Tag Archives: Curtis Grant

Ohio State Spring Football: Defensive Review

So what about the defense?

There’s been no shortage of discussion about the new offense Urban Meyer spent spring installing at Ohio State. That’s the name brand product. It’s the sexy new thing. It’s only natural that would dominate the headlines.

Ohio State practices at the Woody Hayes Athletic Center

Defense, however, has been what Ohio State has hung its hat on for much of the past decade.

And, by the way, that defense was pretty bad at times last year. It almost went unnoticed because of the handwringing about the offense that gave way almost immediately to euphoria about the new scheme Meyer would bring in, but there were times injuries and youth reduced the 2011 Buckeye stop troops to near helplessness.

After closing out October with a rousing win over Wisconsin that included throttling the Badgers’ powerful offense for most of the night, the unit essentially collapsed.

Now most of that group is back, for better or for worse, so what did we see in spring to make us think it will be better?

Well there were the more svelte bodies, for one. John Simon went from ripped to super ripped, inspiring second thoughts about the idea he is not quite suited to play the standup Leo rush end position. Johnathan Hankins came back having dropped a few more pounds, too, meaning he should be able to go strong for longer periods of time.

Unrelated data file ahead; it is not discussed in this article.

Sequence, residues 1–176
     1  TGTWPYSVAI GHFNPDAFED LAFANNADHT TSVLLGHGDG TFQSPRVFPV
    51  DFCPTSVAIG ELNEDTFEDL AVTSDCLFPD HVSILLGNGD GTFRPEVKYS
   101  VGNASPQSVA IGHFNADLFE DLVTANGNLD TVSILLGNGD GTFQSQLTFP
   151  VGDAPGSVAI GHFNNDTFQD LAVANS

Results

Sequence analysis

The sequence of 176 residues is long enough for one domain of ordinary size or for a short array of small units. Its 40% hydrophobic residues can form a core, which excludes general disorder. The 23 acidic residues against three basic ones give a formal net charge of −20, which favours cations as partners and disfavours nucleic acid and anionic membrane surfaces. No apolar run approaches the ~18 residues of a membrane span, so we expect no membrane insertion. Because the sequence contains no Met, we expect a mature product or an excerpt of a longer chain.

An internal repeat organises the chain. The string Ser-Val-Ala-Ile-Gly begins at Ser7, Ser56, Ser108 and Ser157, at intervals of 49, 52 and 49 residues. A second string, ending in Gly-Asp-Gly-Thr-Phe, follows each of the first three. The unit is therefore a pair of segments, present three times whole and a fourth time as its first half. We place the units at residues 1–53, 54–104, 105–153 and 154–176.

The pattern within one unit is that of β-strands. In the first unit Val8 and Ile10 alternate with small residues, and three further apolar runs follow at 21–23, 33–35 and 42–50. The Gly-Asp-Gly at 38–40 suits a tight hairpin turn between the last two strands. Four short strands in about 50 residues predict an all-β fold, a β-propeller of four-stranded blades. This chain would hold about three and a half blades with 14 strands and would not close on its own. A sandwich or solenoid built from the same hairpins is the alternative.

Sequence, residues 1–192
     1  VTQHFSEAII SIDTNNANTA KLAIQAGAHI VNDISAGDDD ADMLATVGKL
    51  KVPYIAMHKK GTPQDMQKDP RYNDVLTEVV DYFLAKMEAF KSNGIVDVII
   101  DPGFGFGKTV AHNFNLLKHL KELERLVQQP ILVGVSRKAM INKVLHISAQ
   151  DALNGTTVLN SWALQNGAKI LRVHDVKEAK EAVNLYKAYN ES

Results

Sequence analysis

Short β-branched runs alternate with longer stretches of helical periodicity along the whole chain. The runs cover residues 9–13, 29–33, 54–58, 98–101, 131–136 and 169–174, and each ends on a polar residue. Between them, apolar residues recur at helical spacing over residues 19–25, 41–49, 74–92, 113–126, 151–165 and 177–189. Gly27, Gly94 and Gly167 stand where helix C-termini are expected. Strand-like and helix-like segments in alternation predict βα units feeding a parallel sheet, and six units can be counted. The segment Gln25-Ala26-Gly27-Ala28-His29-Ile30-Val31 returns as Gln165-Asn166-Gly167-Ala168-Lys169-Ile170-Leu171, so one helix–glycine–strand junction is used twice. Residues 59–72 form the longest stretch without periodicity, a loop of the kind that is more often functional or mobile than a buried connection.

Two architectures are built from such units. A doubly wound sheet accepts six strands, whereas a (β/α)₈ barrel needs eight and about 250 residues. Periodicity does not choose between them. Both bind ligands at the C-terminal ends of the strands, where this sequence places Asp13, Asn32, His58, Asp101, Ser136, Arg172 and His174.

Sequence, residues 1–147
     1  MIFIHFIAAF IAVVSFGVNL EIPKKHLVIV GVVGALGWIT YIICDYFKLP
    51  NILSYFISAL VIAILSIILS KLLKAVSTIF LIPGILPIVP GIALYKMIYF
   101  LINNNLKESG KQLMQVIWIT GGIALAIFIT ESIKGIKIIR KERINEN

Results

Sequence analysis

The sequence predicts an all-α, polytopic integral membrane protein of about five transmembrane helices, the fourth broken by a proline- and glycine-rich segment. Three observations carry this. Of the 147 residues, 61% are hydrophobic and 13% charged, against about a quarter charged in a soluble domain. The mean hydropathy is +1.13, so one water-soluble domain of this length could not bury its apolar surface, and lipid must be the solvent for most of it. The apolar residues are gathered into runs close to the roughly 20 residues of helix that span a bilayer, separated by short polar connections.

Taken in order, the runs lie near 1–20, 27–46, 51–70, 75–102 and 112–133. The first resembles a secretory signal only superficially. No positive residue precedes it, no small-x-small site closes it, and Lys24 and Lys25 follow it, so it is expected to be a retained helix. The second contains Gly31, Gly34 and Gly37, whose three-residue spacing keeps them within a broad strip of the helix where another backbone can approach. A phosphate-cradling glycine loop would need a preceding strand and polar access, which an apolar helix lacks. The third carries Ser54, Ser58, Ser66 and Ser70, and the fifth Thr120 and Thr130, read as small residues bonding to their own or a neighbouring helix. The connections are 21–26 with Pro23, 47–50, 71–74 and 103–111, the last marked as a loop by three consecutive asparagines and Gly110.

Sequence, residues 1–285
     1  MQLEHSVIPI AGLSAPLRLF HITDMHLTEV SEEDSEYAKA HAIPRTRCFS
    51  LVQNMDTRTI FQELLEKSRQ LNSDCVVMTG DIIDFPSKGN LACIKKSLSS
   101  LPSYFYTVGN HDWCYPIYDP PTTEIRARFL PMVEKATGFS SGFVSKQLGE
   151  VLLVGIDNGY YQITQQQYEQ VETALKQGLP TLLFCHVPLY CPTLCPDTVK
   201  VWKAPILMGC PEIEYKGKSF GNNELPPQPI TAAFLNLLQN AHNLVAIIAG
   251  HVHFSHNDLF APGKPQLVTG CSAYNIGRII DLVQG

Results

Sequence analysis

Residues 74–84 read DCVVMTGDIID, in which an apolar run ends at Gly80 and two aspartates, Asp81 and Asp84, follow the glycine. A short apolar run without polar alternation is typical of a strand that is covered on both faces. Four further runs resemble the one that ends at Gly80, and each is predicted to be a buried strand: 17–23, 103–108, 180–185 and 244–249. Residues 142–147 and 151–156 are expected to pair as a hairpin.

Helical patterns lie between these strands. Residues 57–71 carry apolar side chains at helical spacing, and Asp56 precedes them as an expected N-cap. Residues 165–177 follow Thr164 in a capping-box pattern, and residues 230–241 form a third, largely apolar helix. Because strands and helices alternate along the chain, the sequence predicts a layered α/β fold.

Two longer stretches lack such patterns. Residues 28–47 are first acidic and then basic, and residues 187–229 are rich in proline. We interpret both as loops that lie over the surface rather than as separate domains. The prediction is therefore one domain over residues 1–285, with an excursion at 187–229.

Having the two best players from last season in better shape seems to be a good starting point, but are there pieces available to supplement what they can do well?

That remains to be seen.

The line wasn’t bad last season, but it was somewhat limited by lack of athleticism. There were four stout starters, but only Simon had the quickness to scare opposing pass protectors. He looked even better in the spring, but the jury is still out on the issue of finding him help.

Steve Miller showed some potential in his first spring in the program. He bulked up a bit and seems to have the ability to get around the edge, but he is still raw when it comes to moves. He will need to keep getting stronger and to supplement his quickness with some kind of counter to keep offensive linemen from cheating outside on him.

Michael Bennett, another sophomore like Miller, also had a strong spring as the new strong side defensive end. He replaced Adam Bellamy, a very solid contributor last season, and I think he can be a more disruptive force because of his long arms and greater quickness. Bellamy is tenacious and tough and should remain a guy worthy of playing time, but Bennett has a lot of upside.